A Taste of Life at Windrush Alpacas

December 4, 2007

Time for a Dental Check Up

Filed under: alpaca, Alpaca Care, Alpaca Health, Alpacas, camelids, General — Tags: , , , — alpacalady @ 7:08 am

Boys at the Wheat Fence

When we do our monthly herd health days, part of our routine is to check the alpaca’s teeth.  When we check teeth we are not only looking to see if their front teeth need trimming, but also looking to see if their jaw alignment is correct and if the fighting teeth on the male alpacas need trimming.

Male alpacas (and some females) have six fighting teeth located between the molars and the front incisors.  Four of the fighting teeth are located on the top jaw (two each side) and the other two fighting teeth are located on the bottom jaw (one each side). These fighting teeth are what would be referred to as the canine teeth in other species.

In alpacas the fighting teeth erupt at about 3 years of age, as they first come through the gum line they are small sharp points but within a short time those teeth will have grown to razor sharp teeth that can do a lot of damage. 

We have been fortunate not to have any serious damage caused by alpacas with fighting teeth, but I have seen an alpaca whose ear was split completely in two by another alpaca with fighting teeth.  I have also seen a male alpaca who lost a testicle due to an injury caused by another alpacas fighting teeth.  With injuries such as those being a possibility you can understand why keeping an alpacas fighting teeth trimmed is so important.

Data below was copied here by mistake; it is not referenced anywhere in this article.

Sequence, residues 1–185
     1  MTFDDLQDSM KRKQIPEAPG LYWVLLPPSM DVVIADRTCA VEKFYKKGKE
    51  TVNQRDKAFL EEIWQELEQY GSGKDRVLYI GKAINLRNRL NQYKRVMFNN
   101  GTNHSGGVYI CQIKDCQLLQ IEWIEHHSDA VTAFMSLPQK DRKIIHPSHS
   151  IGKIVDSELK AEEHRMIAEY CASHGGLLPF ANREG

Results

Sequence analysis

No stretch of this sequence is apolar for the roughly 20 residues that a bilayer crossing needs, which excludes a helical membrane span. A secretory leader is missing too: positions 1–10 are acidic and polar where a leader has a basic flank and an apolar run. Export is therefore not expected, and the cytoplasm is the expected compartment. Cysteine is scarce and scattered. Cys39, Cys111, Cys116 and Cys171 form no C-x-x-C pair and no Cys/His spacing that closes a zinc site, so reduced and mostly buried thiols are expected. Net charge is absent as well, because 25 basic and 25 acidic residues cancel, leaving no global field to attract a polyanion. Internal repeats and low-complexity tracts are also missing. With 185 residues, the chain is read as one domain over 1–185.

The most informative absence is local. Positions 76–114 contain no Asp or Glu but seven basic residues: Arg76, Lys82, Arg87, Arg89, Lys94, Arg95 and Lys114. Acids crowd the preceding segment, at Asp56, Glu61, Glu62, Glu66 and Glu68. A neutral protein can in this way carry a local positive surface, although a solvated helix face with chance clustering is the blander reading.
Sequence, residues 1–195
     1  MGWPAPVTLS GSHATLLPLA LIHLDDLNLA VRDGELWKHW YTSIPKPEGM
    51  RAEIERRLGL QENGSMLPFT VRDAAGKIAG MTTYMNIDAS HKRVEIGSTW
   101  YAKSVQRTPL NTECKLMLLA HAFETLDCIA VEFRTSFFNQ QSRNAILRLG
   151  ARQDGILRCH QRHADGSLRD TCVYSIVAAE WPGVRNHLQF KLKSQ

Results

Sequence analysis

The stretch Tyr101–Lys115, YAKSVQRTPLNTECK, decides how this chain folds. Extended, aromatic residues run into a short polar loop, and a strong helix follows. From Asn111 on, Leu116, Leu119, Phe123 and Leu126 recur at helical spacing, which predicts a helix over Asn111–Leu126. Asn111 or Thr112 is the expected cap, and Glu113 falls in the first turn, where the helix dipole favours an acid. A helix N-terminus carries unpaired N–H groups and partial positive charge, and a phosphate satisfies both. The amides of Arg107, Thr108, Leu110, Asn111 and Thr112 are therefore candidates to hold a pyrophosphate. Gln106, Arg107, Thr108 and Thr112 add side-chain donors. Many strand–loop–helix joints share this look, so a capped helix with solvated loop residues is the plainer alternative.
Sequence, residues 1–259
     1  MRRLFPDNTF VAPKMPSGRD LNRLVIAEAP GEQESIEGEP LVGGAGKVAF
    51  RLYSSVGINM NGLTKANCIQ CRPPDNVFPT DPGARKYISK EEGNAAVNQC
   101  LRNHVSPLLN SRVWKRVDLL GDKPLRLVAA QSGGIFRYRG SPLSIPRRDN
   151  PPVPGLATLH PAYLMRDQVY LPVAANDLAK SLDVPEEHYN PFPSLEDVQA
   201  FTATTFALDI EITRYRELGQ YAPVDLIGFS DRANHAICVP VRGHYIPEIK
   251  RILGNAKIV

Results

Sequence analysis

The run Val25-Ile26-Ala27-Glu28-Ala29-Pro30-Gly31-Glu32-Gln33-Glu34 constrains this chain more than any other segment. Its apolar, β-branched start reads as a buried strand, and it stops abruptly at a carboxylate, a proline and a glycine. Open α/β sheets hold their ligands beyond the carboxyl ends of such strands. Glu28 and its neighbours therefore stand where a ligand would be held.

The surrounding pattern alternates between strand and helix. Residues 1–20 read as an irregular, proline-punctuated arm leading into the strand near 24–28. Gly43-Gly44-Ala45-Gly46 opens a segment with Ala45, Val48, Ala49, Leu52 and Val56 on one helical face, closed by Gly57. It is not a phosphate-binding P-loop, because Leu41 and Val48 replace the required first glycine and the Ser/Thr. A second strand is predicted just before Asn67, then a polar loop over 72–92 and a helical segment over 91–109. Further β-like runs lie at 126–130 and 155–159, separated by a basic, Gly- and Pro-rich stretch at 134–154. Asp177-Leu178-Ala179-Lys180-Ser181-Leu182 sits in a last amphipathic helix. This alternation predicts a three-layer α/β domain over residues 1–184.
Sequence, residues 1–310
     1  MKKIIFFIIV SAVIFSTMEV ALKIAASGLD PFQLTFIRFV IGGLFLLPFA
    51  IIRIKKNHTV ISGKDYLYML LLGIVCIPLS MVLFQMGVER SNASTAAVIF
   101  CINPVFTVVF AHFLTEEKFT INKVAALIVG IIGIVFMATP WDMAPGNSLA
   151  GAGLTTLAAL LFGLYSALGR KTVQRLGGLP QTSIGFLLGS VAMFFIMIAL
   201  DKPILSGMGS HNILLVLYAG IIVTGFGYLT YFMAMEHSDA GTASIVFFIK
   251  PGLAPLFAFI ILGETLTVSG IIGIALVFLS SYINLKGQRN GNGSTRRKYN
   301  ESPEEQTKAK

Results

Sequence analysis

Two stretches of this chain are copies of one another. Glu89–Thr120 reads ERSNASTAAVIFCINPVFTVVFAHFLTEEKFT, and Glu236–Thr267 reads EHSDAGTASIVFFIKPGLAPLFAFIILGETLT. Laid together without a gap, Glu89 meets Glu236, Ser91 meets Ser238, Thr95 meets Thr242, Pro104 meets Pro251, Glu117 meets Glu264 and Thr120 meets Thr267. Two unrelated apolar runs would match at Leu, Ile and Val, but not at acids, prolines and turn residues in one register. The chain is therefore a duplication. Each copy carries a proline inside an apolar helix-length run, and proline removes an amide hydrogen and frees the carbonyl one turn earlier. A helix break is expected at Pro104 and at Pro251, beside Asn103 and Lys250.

Sometimes though despite our best efforts we will get signs that someone needs attention to their fighting teeth.  Yesterday evening as I was doing chores I noticed that Moonie had some blood on his neck.  I caught Mooney, examined him and discovered that he had a patch of dried blood at the base of his ear.   The injury to Mooney’s ear was not a bad one, more of a puncture wound than a tear, but like most ear injuries it had bled a lot.  

Having determined that Mooney was okay it was now time to find the culprit who caused the injury.  I looked for blood on any of the other alpacas in Mooney’s pen and low and behold there was Braveheart with blood on his neck.  I caught Braveheart and examined him to make sure he was okay.  Sure enough he was fine, he was just wearing some of Mooney’s blood.

My next step was to check Braveheart’s fighting teeth, looking at them I could see that they were trimmed and looked good but there was a snag on one of them that allowed the tooth to have a very sharp edge.  So Mr. Braveheart is going to have a little dental work done as we remove the sharp edge from that tooth.  It will only take us a few minutes to fix the problem tooth but it will prevent Braveheart from injuring another alpaca in the future.


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